Keith Briggs, a visiting research fellow in linguistics at the University of the West of England, has proposed a new site for the battle in which King Edmund of East Anglia was killed in 869. If confirmed, the new proposal would change our understanding of the early history of Suffolk and especially of the town and abbey of Bury St Edmunds.
The story of Edmund, king and martyr, has become a kind of foundation myth for the county of Suffolk, but contains at least one element of truth – in 869 there was a battle between the East Anglians and the Vikings; Edmund was captured and later killed. About 100 years later the story was written down – soon after, Edmund came to be considered a Christian martyr and the new abbey (founded about 1020) at Bury St Edmunds was dedicated to him. Edmund’s remains were believed to be housed in the abbey, miracles were attributed to him, and Bury thus became a major pilgrimage site and a rich and powerful abbey for the next 500 years.
However, the site of the battle (recorded as Hægelisdun) was forgotten, and different modern historians have suggested that it was at Hoxne in Suffolk, Hellesdon in Norfolk, or at Bradfield St Clare near Bury. The new proposal by Dr Briggs is unusual in that it is based on a detailed analysis of the linguistic structure of the various place-names involved. UWE Bristol has several experts among its staff in the study of both place-names and personal names from the viewpoint of historical linguistics. The use of place-names has long been recognized as an essential input into the broad study of settlement and migration, but the current work is an intriguing example of a precise conclusion about one historical event being drawn purely from place-name research.
Dr Briggs makes a strong case that Hægelisdun is actually the name of a hill in Essex, in fact the hill on which the town of Maldon is now situated. The argument uses historical documents which show that this hill was called Hailesdon, and moreover was the headquarters of a local chieftain in the ninth century, showing that this place was of strategic importance and likely to be a target of the Vikings. Maldon is one of the East Anglian estuaries which allowed Viking ships to penetrate the hinterland, and these estuaries were always vulnerable. Maldon is known to be the site of another major Viking battle, in the year 991.
Dr Briggs said, “In 869 the Vikings were proceeding in the direction of London; soon afterwards King Alfred the Great halted their advance and took the English throne, while the rule of the Vikings, the Danelaw, was established in the north and east. This was thus a crucial time in English history, making the role of Edmund in these events of especial interest.
“It was never likely that Edmund was really buried in his eponymous abbey. Probably the whole legend which makes him a hero and martyr is manufactured, as were many other similar stories in the Middle Ages. But any progress towards confirming the germ of truth which started this process is worthwhile. And it does now seem that Edmund ranged more widely than just Suffolk, and probably had an Essex ally against the Vikings.”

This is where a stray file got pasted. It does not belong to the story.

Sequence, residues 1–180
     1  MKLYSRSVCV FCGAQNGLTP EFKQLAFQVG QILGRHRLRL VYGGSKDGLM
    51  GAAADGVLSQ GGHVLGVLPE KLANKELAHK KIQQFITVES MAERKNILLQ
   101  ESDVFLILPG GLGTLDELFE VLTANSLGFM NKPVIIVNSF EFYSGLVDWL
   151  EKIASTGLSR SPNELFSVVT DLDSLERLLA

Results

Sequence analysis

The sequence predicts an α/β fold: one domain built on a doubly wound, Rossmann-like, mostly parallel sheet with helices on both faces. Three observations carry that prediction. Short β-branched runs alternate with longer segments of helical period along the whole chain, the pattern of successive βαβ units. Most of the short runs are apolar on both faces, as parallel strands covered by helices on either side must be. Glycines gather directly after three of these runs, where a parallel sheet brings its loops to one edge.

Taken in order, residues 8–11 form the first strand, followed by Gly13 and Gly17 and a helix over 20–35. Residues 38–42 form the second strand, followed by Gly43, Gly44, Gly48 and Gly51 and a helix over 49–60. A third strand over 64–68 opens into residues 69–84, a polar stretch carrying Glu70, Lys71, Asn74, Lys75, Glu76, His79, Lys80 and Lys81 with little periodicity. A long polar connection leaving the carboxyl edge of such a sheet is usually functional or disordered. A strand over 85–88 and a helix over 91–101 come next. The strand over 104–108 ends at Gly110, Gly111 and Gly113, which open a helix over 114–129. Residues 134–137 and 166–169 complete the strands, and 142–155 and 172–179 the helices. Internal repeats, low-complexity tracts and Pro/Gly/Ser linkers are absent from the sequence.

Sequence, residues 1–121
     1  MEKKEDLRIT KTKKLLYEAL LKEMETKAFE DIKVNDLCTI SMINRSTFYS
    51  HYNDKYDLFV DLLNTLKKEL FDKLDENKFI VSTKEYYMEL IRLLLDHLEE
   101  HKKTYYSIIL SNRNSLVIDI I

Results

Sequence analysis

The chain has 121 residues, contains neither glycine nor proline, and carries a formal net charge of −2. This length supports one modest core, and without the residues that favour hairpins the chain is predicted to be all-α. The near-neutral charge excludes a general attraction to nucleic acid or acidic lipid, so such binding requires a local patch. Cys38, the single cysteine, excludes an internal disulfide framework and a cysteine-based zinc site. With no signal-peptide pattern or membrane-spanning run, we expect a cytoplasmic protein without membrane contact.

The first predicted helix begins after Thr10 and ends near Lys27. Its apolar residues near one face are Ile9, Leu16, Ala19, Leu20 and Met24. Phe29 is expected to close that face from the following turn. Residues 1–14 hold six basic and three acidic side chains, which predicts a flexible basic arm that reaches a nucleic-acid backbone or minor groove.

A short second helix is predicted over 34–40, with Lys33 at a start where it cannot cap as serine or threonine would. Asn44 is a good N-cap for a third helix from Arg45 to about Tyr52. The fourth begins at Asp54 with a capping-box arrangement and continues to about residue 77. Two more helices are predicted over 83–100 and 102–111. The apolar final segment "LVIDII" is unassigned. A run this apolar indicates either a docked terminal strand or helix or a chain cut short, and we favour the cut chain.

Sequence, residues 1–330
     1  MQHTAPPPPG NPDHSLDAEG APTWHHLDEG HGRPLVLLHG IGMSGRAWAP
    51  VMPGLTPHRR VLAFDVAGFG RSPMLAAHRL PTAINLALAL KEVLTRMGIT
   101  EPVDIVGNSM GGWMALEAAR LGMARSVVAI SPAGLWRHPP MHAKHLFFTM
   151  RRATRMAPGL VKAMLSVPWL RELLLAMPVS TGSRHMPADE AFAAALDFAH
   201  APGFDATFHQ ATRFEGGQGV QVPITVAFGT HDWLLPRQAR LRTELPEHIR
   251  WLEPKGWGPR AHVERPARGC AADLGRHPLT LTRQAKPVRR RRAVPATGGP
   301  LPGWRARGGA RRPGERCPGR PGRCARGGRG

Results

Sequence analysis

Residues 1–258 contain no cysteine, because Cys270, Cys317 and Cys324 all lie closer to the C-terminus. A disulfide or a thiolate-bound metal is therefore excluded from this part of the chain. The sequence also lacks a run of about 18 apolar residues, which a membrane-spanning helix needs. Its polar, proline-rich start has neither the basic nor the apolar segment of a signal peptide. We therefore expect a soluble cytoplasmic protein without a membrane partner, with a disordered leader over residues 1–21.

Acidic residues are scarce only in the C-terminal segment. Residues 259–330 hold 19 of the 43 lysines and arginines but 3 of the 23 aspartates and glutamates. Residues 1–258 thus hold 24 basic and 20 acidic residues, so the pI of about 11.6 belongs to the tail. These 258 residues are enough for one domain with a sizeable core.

King Edmund, also known as St Edmund the Martyr, was the ruler of East Anglia, an Anglo-Saxon kingdom which today includes the English counties of Norfolk, Suffolk and Cambridgeshire. According to his late 10th-century biographer, Abbo of Fleury, Edmund was tortured and killed by the Danes:
King Edmund stood within his hall of the mindful Healer with Hinguar (Ivar), who then came, and discarded his weapons. He willed to imitate Christ’s example, which forbade Peter to fight against the fierce Jews with weapons. Lo! to the dishonorable man Edmund then submitted and was scoffed at and beaten by cudgels. Thus the heathens led the faithful king to a tree firmly rooted in Earth, tightened him thereto with sturdy bonds, and again scourged him for a long time with straps. He always called between the blows with belief in truth to Christ the Saviour. The heathens then became brutally angry because of his beliefs, because he called Christ to himself to help. They shot then with missiles, as if to amuse themselves, until he was all covered with their missiles as with bristles of a hedgehog, just as Sebastian was. Then Hinguar, the dishonorable Viking, saw that the noble king did not desire to renounce Christ, and with resolute faith always called to him; Hinguar then commanded to behead the king and the heathens thus did. While this was happening, Edmund called to Christ still. Then the heathens dragged the holy man to slaughter, and with a stroke struck the head from him. His soul set forth, blessed, to Christ.
Keith Briggs’ paper, ‘Was Hægelisdun in Essex? A new site for the martyrdom of Edmund,’ is published by the Proceedings of the Suffolk Institute of Archaeology and History, XLII (part 3, 2011), pages 277-291.